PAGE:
Do People Really Like To Go On Training Courses?
“Knowledge which is acquired under compulsion obtains no hold on the mind.” – Plato
What Plato said then holds true for training today. From the days when training was deemed a crucial element in the development of an individual to today when it has come to become a bitter pill forced down peoples’ throats by HR. More often than not, there are glitches in the learning needs analyses, the design of the training content, the choice of delivery mode, the choice of the trainer, and other such. Sometimes it is the way the training is presented to the learners – not as an opportunity but almost like punishment.
Five reasons people have developed distaste towards training courses:
- They are a distraction from work
Most people don’t enjoy going to training because they are distracted by the work they left behind at their desks. They spend time thinking about it while they are in training. Most managers don’t consider ‘time spent training’ in employee evaluations as enthusiastically as they might mandate it in the workplace.
- The wrong selection of candidates
Many times when a training program is organized by HR where managers are required to nominate subordinates, then rather than selecting candidates who deserve the particular training, such individuals are selected who can be easily spared from work. This training is irrelevant to them. In turn neither the individual nor the organization benefit from the training.
- Wrong notions
Attending a course means accepting that you still can learn something. There are people who avoid going to training about certain subjects because this would mean accepting a weakness in the area. Some people don’t like the name ‘training course’, because they think they know everything there is to know about a subject. In such cases, it may be a better practice to change the name to “information sessions” so that it does not insult their intelligence levels.
- Lack of relevance
Training, no matter how great, holds no value if it is not relevant to the learner.
- No implementation of the new skills
Often, even when a right candidate undergoes the right training and comes back with a strong urge and enthusiasm to implement what been learned, he is given a cold shoulder by his boss and questioned about missed targets rather than priority to learning and implement new ideas.
What can be done?
Breaking this non-sustainable loop requires a deep understanding that training has only one purpose: to develop individuals so they can out-perform on their current tasks and be-prepared for what business leaders have in mind for the future. This in turn, requires an alignment and strategic collaboration between the business leaders and their HR partners.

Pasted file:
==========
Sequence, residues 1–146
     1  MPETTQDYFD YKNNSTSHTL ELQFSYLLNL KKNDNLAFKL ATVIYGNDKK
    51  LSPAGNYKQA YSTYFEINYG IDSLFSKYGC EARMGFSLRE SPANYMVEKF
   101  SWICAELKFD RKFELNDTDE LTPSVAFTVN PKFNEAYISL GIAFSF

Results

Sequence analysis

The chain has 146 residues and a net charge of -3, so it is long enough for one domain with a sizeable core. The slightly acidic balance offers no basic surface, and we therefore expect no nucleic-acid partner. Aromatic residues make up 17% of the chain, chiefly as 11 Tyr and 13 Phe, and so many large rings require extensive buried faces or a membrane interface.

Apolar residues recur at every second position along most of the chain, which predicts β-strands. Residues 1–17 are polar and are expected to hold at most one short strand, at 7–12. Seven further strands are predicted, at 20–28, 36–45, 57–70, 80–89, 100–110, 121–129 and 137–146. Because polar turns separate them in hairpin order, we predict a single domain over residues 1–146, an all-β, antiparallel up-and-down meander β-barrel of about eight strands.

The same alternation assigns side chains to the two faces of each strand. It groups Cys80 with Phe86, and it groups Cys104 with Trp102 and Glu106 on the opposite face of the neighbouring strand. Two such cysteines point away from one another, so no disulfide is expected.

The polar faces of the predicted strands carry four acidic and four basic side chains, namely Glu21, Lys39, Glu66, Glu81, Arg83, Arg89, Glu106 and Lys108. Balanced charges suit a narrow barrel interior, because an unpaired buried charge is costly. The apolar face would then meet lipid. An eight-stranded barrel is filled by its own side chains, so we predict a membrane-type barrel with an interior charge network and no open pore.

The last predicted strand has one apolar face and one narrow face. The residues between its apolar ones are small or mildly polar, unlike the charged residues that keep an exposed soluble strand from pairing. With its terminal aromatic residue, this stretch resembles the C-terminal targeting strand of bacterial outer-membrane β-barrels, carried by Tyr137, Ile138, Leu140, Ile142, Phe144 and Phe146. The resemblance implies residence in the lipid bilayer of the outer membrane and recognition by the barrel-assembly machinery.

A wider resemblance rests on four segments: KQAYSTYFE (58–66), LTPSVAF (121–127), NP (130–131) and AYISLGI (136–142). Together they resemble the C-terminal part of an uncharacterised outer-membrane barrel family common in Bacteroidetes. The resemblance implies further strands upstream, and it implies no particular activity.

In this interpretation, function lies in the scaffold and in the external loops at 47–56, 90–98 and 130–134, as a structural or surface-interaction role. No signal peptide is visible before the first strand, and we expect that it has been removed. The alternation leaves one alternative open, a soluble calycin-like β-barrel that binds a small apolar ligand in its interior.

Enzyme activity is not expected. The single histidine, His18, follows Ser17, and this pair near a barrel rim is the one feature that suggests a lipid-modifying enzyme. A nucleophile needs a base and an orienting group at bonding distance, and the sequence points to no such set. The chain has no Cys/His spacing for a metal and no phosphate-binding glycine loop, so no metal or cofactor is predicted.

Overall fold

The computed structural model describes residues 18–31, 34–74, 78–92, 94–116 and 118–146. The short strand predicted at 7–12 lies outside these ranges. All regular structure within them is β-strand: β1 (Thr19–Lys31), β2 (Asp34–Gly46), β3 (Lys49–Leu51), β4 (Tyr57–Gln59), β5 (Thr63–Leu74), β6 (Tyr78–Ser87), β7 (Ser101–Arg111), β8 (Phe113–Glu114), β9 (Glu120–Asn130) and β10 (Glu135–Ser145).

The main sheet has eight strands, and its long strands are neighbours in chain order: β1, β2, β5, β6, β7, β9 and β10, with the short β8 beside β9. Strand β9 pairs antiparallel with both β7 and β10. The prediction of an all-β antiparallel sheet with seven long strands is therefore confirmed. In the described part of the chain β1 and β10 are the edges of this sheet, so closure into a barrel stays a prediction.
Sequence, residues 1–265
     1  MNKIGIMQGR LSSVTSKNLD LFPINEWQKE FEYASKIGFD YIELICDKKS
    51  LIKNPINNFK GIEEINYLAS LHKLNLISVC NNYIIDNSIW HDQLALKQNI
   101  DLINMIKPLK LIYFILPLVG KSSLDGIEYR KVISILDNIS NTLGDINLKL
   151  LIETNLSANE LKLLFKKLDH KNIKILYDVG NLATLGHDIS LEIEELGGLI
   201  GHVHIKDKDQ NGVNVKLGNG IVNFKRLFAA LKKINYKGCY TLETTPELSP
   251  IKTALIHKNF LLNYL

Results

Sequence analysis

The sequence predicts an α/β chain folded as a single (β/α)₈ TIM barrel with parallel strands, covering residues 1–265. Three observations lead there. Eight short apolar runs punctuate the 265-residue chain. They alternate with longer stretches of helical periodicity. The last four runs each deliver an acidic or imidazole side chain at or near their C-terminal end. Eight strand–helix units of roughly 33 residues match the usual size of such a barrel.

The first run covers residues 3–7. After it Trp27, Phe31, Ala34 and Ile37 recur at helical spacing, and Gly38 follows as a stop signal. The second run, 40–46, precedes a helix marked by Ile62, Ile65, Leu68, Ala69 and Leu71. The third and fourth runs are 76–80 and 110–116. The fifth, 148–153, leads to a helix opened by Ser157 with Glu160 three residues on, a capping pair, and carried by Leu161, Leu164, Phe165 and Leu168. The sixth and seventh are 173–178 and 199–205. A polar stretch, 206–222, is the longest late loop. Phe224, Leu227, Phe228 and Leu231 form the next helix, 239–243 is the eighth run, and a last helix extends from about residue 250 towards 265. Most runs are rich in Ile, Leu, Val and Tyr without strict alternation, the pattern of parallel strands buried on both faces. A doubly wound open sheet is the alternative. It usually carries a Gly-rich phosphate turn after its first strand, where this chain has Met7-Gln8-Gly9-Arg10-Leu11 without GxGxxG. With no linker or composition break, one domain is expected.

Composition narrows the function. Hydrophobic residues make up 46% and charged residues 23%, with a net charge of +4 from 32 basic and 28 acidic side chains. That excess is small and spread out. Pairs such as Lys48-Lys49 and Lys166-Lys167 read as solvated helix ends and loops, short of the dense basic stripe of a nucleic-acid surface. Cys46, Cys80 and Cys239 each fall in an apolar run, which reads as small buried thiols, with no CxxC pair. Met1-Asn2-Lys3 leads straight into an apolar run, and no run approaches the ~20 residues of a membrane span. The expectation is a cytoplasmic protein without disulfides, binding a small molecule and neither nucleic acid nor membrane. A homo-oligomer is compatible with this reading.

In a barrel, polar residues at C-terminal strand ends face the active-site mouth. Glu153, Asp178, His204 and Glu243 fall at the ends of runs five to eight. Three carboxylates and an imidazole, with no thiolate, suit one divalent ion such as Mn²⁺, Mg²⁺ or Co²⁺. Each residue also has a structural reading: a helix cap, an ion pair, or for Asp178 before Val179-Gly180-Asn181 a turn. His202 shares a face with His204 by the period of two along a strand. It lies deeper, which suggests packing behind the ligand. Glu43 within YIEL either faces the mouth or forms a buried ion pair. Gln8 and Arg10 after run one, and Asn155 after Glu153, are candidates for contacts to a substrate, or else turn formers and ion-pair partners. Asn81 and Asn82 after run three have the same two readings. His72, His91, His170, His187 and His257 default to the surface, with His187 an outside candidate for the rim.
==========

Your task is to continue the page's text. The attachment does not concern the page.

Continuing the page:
“Training” itself as a concept and process needs drastic changes. In today’s environment training means – Knowledge and Best Practices sharing. No one is interested in a session where the ‘Trainer’ owns 90% of the session with 10 % given to the participants to participate. It requires more interactive and interesting methodology and process with different delivery modes (eLearning, mLearning, Instructor Led Training etc.) weaved in for the potential benefit of every single participant. The blended approach gives learners and teachers a potential environments to learn and teach more effectively.
Training should provide value to the participant. Education in whatever form, formal, skill-building, development, or training, comes down to the same factors of success. It’s got to be relevant in one way or another, it’s got to be challenging, it’s got to be useful, it’s got to be inspiring, and each participant has to feel like you’re talking to them. It’s the responsibility of those in charge of organizational learning, those in charge of instructional design, and those in charge of class/workshop delivery to make it so. Anything less, and you get the kind of mediocrity that makes staff actually prefer to stay in their office than to get a half-day, a day, or more, rather than having fun and learning stuff to improve themselves and improve organizational performance, away from it.
The training and development initiative should also be “evidence based” with pre and post measures being taken to evaluate performance and development improvements. This can be brought about by using Learning Management Systems. UpsideLMS is one such Learning Management System that is equipped with a scalable assessment engine and automated feedback mechanism, which helps bring about effective evaluation of your organization-wide, multi-location, learning programs.
The bottom line is that effective learning requires an interesting topic, interactive and diverse in delivery style and delivery mode, developed/delivered according to best practices, with considerations given to the context, content and application needs of the learners (i.e. on-the-job) and most importantly it is about the participants (attendees).